Researchers from the Murdoch Childrens Research Institute (MCRI), The Royal Children’s Hospital and the University of Melbourne compared the effectiveness of Parent-Focused Treatment (PFT) and Family-Based Treatment (FBT), the current standard of care for adolescents with AN.
They found that there was a threefold increase in the odds of remission at the end of treatment in those who received PFT compared to FBT.
The randomised control trial is the largest single site trial of family therapy for adolescents with AN. It reported on 107 patients, randomised to receive either PFT or FBT, between July 2010 and December 2015. The average age of participants was 15 years and 88% were female. The average length of their illness was 10.5 months and more than one third were so unwell with AN that they required hospital admission.
Treatments comprised 18 outpatient sessions over six months. Patients were assessed prior to treatment starting, at the end of treatment, and at six and 12 months post-treatment.
Family-Based Treatment involves the entire family in therapy sessions, including siblings and all family members who live with the young person with AN. It is the treatment of AN with the most evidence of effectiveness.
Parent-Focused Treatment is an adaption of FBT that separates the adolescent’s treatment with that of their parents. The model requires the therapist to meet with the parents only, while a nurse monitors the patient. Unlike FBT, PFT does not involve a family meal as part of the therapy sessions.
According to senior author, Professor Susan Sawyer, there have been remarkably few clinical trials of interventions in adolescents with AN, despite it having the highest mortality of any mental disorder. She said that effective treatment options for AN remain elusive, so any new clinical trial is of great significance.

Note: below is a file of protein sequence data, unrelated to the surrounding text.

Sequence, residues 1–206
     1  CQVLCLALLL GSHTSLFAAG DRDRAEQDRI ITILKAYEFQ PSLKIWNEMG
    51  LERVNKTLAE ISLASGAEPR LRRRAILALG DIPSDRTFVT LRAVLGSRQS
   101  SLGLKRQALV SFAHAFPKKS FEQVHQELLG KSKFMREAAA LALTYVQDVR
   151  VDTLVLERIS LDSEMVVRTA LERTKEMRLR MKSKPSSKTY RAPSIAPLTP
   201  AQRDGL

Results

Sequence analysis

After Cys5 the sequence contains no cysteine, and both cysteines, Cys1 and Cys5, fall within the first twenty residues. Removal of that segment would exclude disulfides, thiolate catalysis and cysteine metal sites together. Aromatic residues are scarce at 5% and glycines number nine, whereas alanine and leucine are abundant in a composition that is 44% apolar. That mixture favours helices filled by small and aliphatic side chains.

“Given the impact of AN during adolescence and the years beyond, there remains a need to develop new and innovative treatment of adolescents with AN.
“This study demonstrates the importance of parents in assisting their children with AN to recover, a feature of both study arms. But in a highly innovative manner, where the separated model enables the attention of the therapist to focus solely on coaching parents, Parent-Focused Treatment led to more efficient recovery in the short term,” said Professor Sawyer.
Although PFT proved significantly more effective at the end of the six month treatment, the researchers noted that remission rates did not differ at six months and 12 months post-treatment. Despite this, lead author Professor Daniel Le Grange, a professorial fellow at the University of Melbourne and Benioff UCSF Professor in Children’s Health at the University of California San Francisco, said that PFT would be the preferred option by many in the field.
“PFT may facilitate broader dissemination of family therapy for adolescent AN,” said Professor Le Grange.
“This form of treatment may appeal to clinicians without formal family therapy training who are hesitant to work in a format that includes the patient, parents, other caregivers and siblings. PFT does not place any expectations upon siblings or the young patients, nor does it require the family meal scenario, which can be a challenging and confronting experience for the family.”
AN is a serious psychiatric disorder with a mortality rate that is among that highest of any psychiatric illness. The illness usually onsets in adolescence and impacts around one in every 100 young people aged 12 to 18 years.
(Source: Murdoch Children’s Research Institute)